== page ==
TJSL Will Present Panel on SOPA & PIPA Acts

 
Published: February 3, 2012 share

Thomas Jefferson School of Law will present a panel discussion Wednesday, February 8, on the controversial SOPA and PIPA bills in Congress that would combat Internet piracy.  "SOPA & PIPA – Copyright Protection or Internet Censorship?" is sure to be a lively topic.

 

SOPA is the Stop Online Piracy Act and PIPA is the Protect Intellectual Property Act. The two bills became household words on January 18 when Wikipedia went dark and Google placed a black banner across its logo in protest of the proposed laws.

 

The event is sponsored by TJSL’s Entertainment Law Society (ELS) and the Center for Law and Intellectual Property (CLIP).  It starts at 4 p.m. in Room 323 of the law school, with check-in at 3:45 p.m.

 

The host is Professor Kevin K.J. Greene, who has been interviewed about the two bills in the media and appears on TJSL’s website  discussing SOPA and PIPA.

 

“Usually IP legislation reflecting the whims of big-spender industry lobbyists in the film and music passes in the dead of night, unbeknownst to ‘we the people,’” said Professor Greene. “The public awareness to and harsh backlash against these proposed laws has been remarkable and arguably unprecedented.”

 

The panelists will be Kevin Keenan, the Executive Director of the ACLU for San Diego and Imperial Countie's and Rainey Reitman, who is the Activism Director of the Electronic Frontier Foundation.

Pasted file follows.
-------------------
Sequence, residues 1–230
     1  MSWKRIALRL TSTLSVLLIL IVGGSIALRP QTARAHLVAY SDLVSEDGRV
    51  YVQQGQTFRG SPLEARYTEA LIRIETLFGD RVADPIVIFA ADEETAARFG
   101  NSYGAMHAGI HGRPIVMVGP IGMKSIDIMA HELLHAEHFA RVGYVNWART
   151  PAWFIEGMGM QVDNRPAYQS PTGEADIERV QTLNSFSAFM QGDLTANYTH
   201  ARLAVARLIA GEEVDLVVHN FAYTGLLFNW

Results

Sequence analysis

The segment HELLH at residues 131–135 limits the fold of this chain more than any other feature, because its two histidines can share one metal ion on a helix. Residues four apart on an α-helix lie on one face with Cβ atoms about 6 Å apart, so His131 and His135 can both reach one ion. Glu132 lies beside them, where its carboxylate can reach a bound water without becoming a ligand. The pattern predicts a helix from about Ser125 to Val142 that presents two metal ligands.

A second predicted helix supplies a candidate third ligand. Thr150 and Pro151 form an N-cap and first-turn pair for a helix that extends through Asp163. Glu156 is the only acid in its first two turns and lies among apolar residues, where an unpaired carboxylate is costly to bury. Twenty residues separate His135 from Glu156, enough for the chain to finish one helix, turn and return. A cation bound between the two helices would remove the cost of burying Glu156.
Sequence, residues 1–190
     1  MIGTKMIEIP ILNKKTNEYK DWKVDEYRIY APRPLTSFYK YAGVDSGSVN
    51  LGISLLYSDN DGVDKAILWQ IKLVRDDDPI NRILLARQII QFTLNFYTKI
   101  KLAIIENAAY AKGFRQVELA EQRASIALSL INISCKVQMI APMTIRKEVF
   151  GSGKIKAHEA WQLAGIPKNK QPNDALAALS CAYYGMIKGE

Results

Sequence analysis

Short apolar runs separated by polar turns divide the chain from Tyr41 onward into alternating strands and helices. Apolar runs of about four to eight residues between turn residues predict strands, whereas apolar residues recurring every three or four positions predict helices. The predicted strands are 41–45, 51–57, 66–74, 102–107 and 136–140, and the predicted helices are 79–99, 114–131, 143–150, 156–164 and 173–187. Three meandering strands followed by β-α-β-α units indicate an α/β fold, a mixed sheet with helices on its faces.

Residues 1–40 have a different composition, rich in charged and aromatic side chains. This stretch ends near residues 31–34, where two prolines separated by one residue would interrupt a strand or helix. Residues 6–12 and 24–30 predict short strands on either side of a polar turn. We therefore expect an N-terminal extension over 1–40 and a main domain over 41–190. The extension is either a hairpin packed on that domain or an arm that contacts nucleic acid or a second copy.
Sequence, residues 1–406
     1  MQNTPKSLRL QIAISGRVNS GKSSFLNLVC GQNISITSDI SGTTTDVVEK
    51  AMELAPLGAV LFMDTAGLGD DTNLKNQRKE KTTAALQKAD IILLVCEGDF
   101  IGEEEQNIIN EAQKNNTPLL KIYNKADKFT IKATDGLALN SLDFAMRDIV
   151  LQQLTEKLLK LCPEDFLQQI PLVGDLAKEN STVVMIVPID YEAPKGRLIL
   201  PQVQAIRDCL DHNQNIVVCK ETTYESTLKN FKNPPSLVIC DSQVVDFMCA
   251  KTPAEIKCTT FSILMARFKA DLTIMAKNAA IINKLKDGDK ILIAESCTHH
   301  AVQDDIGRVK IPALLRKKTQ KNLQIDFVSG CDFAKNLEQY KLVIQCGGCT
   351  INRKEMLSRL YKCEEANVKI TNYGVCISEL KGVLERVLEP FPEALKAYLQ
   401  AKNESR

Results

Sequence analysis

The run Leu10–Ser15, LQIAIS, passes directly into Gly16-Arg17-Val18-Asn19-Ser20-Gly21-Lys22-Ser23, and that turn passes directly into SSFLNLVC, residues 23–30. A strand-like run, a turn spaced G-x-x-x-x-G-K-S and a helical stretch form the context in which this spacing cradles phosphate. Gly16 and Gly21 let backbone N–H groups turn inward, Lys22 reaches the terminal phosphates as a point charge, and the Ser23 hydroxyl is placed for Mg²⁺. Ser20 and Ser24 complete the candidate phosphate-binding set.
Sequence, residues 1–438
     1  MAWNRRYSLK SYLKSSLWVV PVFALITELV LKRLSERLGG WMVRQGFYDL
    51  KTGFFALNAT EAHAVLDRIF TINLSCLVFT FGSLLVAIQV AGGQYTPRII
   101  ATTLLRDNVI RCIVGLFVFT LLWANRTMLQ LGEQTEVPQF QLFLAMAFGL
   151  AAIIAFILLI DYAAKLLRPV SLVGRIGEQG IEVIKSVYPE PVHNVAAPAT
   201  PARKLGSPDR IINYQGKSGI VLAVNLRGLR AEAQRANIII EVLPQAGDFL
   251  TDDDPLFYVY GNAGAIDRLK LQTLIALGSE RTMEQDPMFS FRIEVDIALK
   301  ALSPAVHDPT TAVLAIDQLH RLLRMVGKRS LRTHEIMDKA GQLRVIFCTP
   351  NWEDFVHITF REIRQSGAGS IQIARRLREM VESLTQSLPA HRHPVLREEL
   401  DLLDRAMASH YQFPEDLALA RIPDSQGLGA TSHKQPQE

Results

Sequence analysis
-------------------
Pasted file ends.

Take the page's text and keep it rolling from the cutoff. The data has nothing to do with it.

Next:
"The Entertainment Law Society is mindful of the student voice,” said Lindsey-Shannon Lee, president of ELS. “TJSL students are aware of and concerned with the austere effects that copyright legislation like SOPA and PIPA can have on a free society.”

 

The controversy over the two proposed laws has grown dramatically since January 18, and it is seen by some  as a “Battle of the Titans” between the entertainment industry and the Internet industry.

 

According to Professor Greene, “SOPA-PIPA brings the free speech ramifications of IP laws to front and center of the debate. Perhaps no better-qualified advocates of First Amendment rights could be found than our two presenters.”

 

"Individuals who attend the event can expect to leave well informed on a hot topic that could have a chilling effect on global internet users,” said Lee. @tjsl.edu

 

The event is free, and 1 unit of MCLE credit is available for attorneys.

 

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